We’re talking handmade bricks from Denmark and marble from the original MoMA.

More and more developers are jumping on a strange bandwagon where it’s becoming common for them to scour materials sourced from the most unconventional places, both remote and local, in an attempt to boast having the rarest of rare finishes. With NYC’s luxury market on the decline, “The devil is in the details for developers, who in a packed luxury condo market are competing over a limited number of qualified buyers,” says the Wall Street Journal in their article on the topic.

We’ve covered our share of condo with some of these unusual finishes. But it’s not just condo developers doing it. Houses are getting in on the action too. Below we’ve rounded up some of the homes in our past coverage that have finishes as exclusive as marble from the old MoMA to a Queens mansion with details from the original World’s Fair.

↑First up on the list is that aforementioned condo within a Greenwich Village commercial loft. One of the full-floor units is proud to boast of reclaimed marble from the original Museum of Modern Art’s facade.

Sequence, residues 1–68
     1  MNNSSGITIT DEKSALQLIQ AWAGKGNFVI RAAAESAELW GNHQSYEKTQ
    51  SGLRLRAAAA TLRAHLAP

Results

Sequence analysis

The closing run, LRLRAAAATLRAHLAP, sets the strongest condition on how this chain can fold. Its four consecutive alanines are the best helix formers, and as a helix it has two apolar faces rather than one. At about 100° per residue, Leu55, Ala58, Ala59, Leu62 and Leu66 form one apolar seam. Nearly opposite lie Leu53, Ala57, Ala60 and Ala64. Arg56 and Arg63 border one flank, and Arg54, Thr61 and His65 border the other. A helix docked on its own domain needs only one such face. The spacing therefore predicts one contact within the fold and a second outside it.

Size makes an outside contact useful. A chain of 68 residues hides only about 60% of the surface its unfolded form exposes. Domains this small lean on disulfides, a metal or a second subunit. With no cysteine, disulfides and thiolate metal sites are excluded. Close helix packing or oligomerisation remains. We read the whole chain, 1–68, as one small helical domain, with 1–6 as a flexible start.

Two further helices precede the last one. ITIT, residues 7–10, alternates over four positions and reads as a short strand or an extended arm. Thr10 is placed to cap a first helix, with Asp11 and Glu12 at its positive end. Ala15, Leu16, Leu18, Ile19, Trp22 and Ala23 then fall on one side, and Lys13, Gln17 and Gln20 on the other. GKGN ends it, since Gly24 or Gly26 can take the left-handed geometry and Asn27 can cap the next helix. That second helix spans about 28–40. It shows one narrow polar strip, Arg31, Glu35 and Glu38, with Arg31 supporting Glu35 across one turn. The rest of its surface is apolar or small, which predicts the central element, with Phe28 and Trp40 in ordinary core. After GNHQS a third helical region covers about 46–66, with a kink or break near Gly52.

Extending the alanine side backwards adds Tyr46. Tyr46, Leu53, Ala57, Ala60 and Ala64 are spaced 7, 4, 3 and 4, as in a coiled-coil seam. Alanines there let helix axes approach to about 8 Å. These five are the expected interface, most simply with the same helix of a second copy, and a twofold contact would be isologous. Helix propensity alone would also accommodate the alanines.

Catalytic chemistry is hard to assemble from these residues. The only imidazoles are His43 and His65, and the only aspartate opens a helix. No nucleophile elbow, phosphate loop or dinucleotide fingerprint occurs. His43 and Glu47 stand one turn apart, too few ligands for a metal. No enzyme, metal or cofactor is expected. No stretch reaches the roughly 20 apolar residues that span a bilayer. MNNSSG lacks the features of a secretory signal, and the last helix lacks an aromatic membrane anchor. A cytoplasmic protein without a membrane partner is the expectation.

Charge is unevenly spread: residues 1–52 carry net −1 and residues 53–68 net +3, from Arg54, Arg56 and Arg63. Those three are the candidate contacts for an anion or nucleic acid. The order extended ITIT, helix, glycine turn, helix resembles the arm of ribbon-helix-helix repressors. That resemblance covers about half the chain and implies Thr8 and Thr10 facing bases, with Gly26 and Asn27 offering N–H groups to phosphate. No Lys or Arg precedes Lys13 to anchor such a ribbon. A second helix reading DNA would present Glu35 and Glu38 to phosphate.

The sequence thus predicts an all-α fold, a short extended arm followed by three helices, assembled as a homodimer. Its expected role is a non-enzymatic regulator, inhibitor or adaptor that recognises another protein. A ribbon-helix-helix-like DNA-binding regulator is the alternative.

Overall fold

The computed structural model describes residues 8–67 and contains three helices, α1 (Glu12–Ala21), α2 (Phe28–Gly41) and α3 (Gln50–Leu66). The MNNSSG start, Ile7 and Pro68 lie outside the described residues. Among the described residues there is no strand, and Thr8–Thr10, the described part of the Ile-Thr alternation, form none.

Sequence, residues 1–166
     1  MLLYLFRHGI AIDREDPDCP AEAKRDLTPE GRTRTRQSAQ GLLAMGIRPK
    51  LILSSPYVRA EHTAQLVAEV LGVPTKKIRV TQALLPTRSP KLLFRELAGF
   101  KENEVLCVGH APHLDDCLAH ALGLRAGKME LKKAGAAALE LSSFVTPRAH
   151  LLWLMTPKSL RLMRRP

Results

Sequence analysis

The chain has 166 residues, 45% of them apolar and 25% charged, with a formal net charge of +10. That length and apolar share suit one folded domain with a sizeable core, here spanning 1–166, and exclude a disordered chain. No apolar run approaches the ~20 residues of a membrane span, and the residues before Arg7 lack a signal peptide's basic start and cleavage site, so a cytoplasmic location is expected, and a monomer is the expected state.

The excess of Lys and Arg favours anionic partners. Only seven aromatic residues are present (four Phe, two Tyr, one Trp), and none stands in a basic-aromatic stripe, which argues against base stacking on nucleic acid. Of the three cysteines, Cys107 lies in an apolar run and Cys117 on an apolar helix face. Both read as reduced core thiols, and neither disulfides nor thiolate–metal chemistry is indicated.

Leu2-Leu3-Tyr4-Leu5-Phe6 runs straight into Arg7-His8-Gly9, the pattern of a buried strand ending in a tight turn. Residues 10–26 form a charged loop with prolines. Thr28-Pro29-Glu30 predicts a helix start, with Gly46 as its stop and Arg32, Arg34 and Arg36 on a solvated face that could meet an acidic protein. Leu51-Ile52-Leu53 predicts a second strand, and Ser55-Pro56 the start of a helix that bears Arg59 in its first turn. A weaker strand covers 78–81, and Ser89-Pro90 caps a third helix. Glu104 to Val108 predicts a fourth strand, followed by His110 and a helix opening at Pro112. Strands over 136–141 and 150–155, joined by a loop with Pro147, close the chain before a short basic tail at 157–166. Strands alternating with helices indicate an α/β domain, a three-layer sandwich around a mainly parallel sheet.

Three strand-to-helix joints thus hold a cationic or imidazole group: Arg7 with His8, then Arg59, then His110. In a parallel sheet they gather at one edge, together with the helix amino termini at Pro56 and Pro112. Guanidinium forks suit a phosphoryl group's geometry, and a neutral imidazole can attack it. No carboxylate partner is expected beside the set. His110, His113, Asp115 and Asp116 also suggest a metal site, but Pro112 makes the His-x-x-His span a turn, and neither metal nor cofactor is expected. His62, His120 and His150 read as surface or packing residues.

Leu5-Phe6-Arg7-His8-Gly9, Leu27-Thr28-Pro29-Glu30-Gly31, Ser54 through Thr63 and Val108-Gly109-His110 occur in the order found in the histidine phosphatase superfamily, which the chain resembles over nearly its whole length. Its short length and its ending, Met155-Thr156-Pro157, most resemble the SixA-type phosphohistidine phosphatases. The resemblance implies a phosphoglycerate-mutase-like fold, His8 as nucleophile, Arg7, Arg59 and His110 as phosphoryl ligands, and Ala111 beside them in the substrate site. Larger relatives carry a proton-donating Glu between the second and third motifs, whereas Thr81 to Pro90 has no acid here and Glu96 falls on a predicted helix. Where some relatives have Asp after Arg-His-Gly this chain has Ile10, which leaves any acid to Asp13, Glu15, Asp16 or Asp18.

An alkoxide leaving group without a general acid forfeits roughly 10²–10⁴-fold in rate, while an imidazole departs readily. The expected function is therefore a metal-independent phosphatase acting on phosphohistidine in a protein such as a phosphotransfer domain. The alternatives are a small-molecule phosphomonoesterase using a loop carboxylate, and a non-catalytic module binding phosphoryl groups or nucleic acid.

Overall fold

↑In Williamsburg, a brand-new townhouse was “built with the highest construction standards and carefully sourced materials,” states its listed. Given their claims of sourcing handmade bricks from Denmark, doors and windows imported from France, and floors made from wood salvaged from the Domino Sugar Factory, we believe them.

↑It takes a certain type of architectural interest to want to live in an idyllic Queens tudor. But anyone can admit that the fact that the floors within this vintage home has “wood details taken from the English Pavilion of the 1939 World’s Fair” is pretty awesome.

↑An opulent East Village co-op has been redesigned to enhance its fanciful flair. Of course, a townhouse of this stature wouldn’t be complete if it didn’t brag about some worldly detail. That is where the 18th-century chestnut wall and ceiling panels from Versailles come in.

↑DDG’s 13-story condo at 12 Warren Street in Tribeca incorporated bluestone rocks quarried in the Catskill mountains in upstate New York for its unusual facade. While the Catskills isn’t that far, the choice of material makes this building worthy for an appearance on this list. Units within the eco-friendly building have also been highlighted by bluestone accents throughout.

From http://ny.curbed.com/2016/10/9/13183020/developers-turn-to-unusual-finishes-from-near-and-far-for-new-projects

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